Five nuclear loci resolve the polyploid history of switchgrass (Panicum virgatum L.) and relatives.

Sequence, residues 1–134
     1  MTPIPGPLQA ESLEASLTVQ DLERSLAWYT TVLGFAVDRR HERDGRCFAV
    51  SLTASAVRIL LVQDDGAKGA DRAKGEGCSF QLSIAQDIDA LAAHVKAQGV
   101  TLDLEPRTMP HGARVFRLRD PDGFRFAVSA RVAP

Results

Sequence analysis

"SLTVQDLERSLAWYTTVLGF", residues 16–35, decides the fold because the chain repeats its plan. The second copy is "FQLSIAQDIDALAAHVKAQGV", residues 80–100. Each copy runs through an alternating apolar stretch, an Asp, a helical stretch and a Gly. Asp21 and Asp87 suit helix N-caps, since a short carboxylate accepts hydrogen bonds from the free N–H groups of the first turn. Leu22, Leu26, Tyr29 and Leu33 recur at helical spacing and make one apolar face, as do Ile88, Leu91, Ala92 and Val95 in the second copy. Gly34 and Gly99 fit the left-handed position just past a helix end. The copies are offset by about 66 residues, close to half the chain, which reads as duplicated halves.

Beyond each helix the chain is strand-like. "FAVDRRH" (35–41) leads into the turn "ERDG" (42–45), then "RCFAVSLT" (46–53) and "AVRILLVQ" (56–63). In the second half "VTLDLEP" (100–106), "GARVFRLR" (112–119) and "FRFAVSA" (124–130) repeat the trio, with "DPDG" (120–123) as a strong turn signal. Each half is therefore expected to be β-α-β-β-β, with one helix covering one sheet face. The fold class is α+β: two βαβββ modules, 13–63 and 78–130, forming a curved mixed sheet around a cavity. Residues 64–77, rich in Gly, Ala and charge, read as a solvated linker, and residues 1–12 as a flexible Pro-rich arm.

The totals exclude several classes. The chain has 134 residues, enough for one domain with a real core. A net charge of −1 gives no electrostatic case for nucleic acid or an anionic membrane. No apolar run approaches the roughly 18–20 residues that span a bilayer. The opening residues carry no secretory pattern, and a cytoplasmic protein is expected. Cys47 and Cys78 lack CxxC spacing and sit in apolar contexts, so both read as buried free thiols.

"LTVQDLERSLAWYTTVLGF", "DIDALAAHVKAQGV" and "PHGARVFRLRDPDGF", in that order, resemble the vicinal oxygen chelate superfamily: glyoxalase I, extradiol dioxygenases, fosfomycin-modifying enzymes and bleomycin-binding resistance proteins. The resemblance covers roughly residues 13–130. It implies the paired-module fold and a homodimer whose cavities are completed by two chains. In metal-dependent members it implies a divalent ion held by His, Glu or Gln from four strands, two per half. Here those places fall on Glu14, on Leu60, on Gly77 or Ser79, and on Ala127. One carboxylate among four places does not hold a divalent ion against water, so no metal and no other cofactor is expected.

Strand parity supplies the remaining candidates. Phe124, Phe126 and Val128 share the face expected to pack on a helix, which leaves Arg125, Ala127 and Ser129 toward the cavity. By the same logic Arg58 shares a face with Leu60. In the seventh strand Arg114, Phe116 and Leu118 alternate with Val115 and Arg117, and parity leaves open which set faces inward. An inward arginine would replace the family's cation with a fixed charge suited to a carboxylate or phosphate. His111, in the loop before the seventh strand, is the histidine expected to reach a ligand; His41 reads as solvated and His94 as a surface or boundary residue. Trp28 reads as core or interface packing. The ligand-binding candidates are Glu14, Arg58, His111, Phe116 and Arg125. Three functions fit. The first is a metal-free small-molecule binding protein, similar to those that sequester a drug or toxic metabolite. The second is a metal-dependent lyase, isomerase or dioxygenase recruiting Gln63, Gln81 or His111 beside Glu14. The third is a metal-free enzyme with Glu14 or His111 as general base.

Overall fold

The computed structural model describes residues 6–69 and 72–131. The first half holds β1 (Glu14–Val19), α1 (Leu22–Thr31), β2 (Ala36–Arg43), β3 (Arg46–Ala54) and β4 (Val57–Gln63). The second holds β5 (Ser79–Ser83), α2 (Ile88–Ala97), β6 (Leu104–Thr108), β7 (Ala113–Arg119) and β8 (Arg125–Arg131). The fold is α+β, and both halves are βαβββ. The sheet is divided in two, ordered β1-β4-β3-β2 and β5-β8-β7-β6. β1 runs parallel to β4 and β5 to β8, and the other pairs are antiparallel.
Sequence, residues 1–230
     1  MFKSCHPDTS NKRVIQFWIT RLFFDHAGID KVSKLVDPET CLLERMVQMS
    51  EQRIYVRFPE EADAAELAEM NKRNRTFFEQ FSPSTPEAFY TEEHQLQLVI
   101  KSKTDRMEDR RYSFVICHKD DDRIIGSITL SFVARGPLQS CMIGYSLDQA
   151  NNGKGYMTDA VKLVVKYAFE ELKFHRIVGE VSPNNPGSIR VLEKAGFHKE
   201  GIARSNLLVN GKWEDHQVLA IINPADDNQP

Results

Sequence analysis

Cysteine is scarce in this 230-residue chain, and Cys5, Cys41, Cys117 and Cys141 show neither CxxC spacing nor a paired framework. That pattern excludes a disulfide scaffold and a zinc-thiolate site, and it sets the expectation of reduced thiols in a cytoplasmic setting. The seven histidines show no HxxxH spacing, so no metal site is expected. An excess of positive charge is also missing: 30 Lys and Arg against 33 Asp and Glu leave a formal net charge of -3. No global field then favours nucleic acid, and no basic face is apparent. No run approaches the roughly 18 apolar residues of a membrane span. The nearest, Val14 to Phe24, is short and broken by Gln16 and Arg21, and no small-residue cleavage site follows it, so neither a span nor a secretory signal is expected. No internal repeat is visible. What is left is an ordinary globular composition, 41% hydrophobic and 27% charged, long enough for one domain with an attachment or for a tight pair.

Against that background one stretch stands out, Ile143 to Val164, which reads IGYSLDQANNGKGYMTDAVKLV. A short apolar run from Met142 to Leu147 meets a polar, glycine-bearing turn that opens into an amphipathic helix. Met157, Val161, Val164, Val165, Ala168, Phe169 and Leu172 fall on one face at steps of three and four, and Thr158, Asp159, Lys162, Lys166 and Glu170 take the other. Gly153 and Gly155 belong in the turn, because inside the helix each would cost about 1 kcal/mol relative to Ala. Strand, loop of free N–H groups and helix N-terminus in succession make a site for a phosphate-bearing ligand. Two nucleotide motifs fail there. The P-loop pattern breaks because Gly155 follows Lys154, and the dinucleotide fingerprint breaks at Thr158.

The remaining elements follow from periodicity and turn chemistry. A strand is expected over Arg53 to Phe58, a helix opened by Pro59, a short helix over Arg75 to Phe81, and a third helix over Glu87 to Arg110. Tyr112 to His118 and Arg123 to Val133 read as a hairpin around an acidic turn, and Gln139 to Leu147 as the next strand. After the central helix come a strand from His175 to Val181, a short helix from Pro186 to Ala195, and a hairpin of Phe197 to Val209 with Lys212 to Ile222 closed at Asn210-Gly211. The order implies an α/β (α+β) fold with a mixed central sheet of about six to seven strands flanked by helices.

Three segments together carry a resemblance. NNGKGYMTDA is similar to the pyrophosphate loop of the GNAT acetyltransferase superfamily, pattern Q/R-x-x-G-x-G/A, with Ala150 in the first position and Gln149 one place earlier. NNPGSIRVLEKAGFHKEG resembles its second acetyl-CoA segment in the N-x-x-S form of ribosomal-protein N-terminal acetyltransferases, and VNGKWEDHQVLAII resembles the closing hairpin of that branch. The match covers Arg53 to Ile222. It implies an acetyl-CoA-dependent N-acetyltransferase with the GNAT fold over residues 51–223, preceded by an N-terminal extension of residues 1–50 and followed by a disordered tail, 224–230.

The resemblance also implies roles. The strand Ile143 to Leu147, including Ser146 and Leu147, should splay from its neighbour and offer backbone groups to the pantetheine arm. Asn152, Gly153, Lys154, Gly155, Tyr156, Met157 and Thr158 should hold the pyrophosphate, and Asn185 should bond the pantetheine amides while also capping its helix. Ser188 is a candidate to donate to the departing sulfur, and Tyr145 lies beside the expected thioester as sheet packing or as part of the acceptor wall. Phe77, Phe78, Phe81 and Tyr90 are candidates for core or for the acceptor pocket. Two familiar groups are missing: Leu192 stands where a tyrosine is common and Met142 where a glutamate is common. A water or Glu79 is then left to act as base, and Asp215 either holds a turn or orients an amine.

ABSTRACT: Polyploidy poses challenges for phylogenetic reconstruction because of the need to identify and distinguish between homoeologous loci. This can be addressed by use of low copy nuclear markers. Panicum s.s. is a genus of about 100 species in the grass tribe Paniceae, subfamily Panicoideae, and is divided into five sections. Many of the species are known to be polyploids. The most well-known of the Panicum polyploids are switchgrass (Panicum virgatum) and common or Proso millet (P. miliaceum). Switchgrass is in section Virgata, along with P. tricholaenoides, P. amarum, and P. amarulum, whereas P. miliaceum is in sect. Panicum. We have generated sequence data from five low copy nuclear loci and two chloroplast loci and have clarified the origin of P. virgatum. We find that all members of sects. Virgata and Urvilleana are the result of diversification after a single allopolyploidy event. The closest diploid relatives of switchgrass are in sect. Rudgeana, native to Central and South America. Within sections Virgata and Urvilleana, P. tricholaenoides is sister to the remaining species. Panicum racemosum and P. urvilleanum form a clade, which may be sister to P. chloroleucum. Panicum amarum, P. amarulum, and the lowland and upland ecotypes of P. virgatum together form a clade, within which relationships are complex. Hexaploid and octoploid plants are likely allopolyploids, with P. amarum and P. amarulum sharing genomes with P. virgatum. Octoploid P. virgatum plants are formed via hybridization between disparate tetraploids. We show that polyploidy precedes diversification in a complex set of polyploids; our data thus suggest that polyploidy could provide the raw material for diversification. In addition, we show two rounds of allopolyploidization in the ancestry of switchgrass, and identify additional species that may be part of its broader gene pool. This may be relevant for development of the crop for biofuels.